The key to the meaning is already in the word: Hospitalism is mental, mental and physical damage caused by prolonged hospital or home stays (often after 3 months). Mainly babies and children are affected in the first years of life, mostly without parents and caregivers. Due to the lack of any emotional relationships, they suffer serious and difficult to catch up developmental disorders. These include, for example, movement unrest (swings with the head or body), expression of gestures and facial expressions, slowing of physical and mental development, depression and a generally poor state of health.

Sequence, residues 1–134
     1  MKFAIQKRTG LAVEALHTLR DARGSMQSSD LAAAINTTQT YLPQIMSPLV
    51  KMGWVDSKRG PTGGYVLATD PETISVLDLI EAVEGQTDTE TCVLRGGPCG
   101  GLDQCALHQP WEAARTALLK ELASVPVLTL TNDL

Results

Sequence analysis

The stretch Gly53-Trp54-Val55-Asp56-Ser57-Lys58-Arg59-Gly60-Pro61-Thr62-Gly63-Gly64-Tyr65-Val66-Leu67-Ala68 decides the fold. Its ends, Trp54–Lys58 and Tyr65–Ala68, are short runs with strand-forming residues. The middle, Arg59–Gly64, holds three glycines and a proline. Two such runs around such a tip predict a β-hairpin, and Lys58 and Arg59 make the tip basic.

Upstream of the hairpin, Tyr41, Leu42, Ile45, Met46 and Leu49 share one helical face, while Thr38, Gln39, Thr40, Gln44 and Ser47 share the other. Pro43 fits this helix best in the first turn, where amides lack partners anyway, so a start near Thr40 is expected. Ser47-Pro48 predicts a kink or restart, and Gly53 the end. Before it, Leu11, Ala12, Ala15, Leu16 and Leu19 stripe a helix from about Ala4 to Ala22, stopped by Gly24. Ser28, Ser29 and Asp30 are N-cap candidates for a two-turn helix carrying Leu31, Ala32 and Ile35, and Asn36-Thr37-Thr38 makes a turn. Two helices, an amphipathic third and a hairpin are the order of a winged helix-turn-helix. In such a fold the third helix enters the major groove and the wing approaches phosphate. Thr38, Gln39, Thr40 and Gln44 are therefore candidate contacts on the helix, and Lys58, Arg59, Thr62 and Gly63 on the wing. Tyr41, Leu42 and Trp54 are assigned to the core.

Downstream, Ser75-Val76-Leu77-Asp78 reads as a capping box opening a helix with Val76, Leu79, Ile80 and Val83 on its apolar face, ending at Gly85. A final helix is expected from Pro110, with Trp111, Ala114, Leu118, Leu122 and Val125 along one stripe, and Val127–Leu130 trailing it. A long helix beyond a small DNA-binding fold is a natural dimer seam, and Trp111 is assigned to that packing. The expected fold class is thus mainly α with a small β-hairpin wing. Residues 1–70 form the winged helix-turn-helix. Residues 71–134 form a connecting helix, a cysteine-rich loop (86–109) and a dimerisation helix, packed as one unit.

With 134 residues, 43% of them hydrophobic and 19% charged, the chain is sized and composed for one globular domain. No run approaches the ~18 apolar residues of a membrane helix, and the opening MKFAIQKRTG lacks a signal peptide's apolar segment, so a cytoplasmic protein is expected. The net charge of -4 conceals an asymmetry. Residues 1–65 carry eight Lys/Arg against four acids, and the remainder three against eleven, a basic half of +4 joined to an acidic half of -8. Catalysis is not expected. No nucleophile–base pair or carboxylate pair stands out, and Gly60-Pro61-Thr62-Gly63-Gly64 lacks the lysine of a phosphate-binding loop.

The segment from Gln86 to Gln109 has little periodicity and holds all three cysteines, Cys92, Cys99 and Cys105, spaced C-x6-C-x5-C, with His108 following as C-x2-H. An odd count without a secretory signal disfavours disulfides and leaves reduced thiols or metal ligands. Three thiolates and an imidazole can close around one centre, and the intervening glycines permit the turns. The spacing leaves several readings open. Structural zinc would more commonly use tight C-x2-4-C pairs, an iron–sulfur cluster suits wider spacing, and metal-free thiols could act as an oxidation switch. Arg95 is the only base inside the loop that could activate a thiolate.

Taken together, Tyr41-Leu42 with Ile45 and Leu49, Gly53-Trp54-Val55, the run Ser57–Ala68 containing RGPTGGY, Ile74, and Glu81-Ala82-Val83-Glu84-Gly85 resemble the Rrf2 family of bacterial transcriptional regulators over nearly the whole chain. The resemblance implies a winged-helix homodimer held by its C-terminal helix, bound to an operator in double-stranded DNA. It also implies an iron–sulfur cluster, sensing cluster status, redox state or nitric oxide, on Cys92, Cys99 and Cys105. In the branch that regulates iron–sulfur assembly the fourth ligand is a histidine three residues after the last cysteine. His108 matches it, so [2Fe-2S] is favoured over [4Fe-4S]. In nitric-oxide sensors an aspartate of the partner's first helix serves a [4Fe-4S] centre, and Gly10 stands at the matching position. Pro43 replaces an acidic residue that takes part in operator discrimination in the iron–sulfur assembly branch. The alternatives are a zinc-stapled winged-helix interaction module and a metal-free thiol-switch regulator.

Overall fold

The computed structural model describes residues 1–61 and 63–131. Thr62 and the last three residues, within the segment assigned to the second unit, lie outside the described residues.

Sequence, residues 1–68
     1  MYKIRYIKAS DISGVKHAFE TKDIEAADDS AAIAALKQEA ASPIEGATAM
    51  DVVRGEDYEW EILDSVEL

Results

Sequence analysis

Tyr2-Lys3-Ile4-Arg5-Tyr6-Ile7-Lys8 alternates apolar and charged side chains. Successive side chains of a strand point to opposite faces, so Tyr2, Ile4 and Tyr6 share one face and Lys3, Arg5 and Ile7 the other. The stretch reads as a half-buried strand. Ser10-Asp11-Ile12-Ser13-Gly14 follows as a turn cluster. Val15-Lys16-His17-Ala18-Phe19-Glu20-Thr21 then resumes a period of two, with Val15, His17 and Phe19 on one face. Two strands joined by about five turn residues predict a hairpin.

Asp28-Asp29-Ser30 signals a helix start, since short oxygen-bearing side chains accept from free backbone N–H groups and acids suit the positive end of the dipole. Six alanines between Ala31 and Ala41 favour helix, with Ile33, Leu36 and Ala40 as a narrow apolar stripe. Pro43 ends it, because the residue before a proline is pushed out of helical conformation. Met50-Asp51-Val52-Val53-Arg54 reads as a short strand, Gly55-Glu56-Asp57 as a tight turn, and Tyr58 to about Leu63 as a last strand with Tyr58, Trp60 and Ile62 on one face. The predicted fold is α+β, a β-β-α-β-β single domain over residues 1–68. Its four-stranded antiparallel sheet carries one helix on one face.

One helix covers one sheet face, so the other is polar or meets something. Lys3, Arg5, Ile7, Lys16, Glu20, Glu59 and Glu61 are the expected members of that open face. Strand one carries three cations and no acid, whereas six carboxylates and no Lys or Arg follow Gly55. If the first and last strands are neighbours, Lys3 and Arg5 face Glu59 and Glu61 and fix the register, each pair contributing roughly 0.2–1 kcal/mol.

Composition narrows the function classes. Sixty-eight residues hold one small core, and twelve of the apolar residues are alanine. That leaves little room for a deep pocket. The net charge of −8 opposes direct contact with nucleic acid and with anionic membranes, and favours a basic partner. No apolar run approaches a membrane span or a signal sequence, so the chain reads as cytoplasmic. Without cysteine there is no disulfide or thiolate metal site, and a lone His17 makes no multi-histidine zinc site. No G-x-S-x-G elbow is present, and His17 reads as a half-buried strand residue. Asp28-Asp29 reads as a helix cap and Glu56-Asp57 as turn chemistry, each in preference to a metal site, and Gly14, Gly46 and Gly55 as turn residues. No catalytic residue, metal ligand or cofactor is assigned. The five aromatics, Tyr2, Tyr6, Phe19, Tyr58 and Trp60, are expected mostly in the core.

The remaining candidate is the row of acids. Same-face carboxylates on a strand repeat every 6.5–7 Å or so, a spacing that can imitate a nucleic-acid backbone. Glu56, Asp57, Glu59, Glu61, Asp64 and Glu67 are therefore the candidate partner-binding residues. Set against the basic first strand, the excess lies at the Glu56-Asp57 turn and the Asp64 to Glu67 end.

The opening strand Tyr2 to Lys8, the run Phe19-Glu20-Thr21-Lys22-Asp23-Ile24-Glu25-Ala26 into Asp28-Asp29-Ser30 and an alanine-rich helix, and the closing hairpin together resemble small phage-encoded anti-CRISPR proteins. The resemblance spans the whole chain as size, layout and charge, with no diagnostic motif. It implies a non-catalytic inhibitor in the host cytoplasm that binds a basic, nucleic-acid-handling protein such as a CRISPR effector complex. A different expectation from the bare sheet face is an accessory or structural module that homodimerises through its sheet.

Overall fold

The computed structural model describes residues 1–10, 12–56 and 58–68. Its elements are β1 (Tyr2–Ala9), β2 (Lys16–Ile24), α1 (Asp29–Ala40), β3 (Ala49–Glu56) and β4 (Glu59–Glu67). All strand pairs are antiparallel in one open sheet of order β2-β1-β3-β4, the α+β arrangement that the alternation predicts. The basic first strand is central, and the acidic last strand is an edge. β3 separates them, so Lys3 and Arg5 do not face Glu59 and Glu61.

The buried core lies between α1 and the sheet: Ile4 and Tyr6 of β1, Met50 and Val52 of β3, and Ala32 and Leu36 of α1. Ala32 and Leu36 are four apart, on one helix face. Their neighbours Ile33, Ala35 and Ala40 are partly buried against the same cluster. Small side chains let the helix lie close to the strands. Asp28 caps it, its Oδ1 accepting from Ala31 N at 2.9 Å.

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The Viennese psychoanalyst René A. Spitz (1887-1974) observed the importance of maternal care in orphanages and nursery wards of women's prisons in the 1960s, referring in this context to a "feeling deficiency disease". Due to our improved living conditions and not least the investigations of modern psychoanalysis, the clinical picture of hospitalism is almost a thing of the past. What remains is the very important realization of a loving and responsible education of infants and children.